Saturday 25 January 2020

GP says rights breached over lack of appeal against inquiry finding

Tim Healy

A DOCTOR claims there should be an appeal mechanism over a Medical Council inquiry finding that he was guilty of poor professional performance in his treatment of a patient who later died.

Dr Anthony Enobo Akpekpe (52), from Co Laois, was found guilty last February by a fitness-to-practice committee (FtPC) inquiry on a single count of having performed poorly by failing to take an adequate medical history of Patrick Lowe (74) at his home in Monkstown, Dublin, on September 13, 2010 He was cleared on five other complaints about poor professional conduct, the High Court heard.







Dr Akpekpe, who was working for a GP locum service Mediserve Ireland, diagnosed Mr Lowe, who was blind and suffering from brain damage, as having a tummy bug.







However, Mr Lowe died two days later and an autopsy showed he died as a result of inhaling faecal matter after vomiting as a hernia had obstructed his bowel.







Arising out of the FtPC finding, Dr Akpekpe was sanctioned under Section 71(a) of the Medical Practitioners Act 2007 which provides that the Medical Council "advises" him in relation to his professional conduct.







Dr Akpekpe has asked the High Court to quash the finding and he also seeking declarations that the 2007 Act is unconstitutional and in breach of his European Convention right to a fair trial because it denies him the right to appeal against the FtPC sanction.







In his action against the Medical Council, Ireland and the Attorney General, he also wants the court to rule the non-existence of an appeals mechanism is unfair and not justifiable.







Following legal submissions from all sides, High Court president Mr Justice Nicholas Kearns reserved his decision.







In submissions on his behalf, Dr Akpekpe's lawyers said he was a doctor of 30 years standing and a fellow of the Royal College of Surgeons and strongly disputed the finding of poor performance as well as the evidence given to the FtPC on which it was based. Evidence was given by another doctor, on behalf of the Medical Council, and by Mr Lowe's sister and carer, Elizabeth Lowe.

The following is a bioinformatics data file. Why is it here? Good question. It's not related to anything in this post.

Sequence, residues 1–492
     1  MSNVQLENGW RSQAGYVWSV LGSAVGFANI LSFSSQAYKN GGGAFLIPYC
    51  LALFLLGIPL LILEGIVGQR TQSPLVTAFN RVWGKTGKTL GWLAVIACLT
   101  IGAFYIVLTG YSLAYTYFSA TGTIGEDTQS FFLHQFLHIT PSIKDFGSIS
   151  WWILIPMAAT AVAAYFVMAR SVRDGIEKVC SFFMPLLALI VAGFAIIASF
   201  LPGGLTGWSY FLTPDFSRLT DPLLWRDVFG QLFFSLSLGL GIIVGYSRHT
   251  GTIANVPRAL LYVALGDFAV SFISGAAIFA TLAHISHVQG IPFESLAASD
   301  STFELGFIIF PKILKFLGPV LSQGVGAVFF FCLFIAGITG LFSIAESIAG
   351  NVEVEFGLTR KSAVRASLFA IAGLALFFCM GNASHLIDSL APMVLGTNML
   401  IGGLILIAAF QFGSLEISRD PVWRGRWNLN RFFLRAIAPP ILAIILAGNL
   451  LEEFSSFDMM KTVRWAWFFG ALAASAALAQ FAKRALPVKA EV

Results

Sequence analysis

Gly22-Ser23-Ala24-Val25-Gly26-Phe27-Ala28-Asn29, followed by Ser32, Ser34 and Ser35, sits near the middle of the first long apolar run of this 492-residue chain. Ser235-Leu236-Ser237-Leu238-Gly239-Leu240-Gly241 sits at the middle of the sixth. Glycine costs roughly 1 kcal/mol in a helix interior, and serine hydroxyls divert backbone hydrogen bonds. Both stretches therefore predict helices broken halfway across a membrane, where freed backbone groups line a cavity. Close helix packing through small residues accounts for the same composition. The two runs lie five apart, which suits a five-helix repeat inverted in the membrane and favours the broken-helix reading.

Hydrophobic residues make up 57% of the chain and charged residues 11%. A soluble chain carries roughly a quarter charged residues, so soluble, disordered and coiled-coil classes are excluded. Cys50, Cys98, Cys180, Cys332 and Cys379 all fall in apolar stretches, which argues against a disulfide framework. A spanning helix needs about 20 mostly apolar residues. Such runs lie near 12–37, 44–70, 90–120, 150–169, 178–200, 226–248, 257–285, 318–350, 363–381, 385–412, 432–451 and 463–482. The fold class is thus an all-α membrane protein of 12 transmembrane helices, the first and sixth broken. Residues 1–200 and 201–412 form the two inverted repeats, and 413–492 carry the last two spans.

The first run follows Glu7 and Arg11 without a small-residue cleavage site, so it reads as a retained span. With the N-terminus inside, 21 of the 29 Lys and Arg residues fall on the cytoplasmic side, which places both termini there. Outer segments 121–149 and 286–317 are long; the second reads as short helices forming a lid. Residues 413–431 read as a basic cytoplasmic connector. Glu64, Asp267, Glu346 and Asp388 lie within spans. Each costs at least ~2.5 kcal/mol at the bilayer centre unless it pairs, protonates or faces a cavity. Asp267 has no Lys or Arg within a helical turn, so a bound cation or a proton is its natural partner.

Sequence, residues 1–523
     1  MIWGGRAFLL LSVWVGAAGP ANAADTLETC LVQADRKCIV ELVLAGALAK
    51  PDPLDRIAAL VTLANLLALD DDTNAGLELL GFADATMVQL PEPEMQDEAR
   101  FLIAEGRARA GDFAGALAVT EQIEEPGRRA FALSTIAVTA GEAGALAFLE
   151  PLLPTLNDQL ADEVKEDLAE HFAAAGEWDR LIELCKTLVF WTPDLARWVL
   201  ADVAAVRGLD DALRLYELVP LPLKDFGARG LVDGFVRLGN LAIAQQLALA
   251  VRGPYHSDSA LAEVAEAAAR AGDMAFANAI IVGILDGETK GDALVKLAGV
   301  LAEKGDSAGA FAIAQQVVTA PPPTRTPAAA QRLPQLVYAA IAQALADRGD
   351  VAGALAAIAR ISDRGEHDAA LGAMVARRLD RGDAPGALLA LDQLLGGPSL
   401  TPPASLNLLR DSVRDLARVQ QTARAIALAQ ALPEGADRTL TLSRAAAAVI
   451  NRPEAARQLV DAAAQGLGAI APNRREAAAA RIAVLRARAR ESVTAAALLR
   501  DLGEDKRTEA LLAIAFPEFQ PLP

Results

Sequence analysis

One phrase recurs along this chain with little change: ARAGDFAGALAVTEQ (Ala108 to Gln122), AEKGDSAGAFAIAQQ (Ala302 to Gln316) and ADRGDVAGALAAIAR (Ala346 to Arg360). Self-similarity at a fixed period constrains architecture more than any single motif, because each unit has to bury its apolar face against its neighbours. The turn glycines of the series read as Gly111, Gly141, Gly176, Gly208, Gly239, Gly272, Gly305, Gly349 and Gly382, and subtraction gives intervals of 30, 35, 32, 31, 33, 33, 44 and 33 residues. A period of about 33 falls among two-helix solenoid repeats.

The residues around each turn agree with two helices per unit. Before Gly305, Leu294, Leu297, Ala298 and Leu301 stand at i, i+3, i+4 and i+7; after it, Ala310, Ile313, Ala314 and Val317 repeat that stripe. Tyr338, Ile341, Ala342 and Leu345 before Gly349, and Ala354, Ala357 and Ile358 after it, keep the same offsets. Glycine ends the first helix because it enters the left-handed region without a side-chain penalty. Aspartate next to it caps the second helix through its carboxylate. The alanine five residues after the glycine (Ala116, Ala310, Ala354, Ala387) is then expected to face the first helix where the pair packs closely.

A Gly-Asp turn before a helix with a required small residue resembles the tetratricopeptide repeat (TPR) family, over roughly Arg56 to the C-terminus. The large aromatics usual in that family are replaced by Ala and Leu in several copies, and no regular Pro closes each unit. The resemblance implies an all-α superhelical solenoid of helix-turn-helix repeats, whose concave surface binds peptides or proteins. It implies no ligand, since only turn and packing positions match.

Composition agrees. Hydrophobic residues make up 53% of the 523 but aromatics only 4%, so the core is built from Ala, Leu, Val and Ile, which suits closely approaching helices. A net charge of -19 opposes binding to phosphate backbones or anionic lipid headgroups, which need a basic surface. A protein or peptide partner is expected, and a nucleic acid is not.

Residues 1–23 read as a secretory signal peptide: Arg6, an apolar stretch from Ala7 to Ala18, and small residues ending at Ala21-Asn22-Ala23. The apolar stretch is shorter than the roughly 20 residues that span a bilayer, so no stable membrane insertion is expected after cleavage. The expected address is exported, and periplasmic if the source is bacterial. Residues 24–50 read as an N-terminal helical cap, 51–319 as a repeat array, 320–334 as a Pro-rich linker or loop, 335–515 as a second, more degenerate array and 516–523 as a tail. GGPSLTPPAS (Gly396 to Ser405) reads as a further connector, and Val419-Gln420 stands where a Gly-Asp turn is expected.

He claimed he is being treated unequally because other doctors who are more severely sanctioned, under other provisions of the 2007 Act, are entitled to appeal those findings to the High Court, whereas he is not.







His right to work and a livelihood have been substantially impacted by the FtPC finding as it will remain on his employment record and permanently damage his name and reputation as a doctor, it was claimed.







The Medical Council, in its submissions to the court, said the finding against him was properly made, was reasonable and was proportionate.







The Attorney General also opposed his claims and said there was no question that the absence of a right of appeal could ever in itself be such as to deny him his right to fair procedures, constitutional or natural justice.







It would would be unduly cumbersome to require judicial confirmation/appeal in all cases where a doctor's governing body chooses merely to advise, admonish or censure a practitioner, the AG argued.

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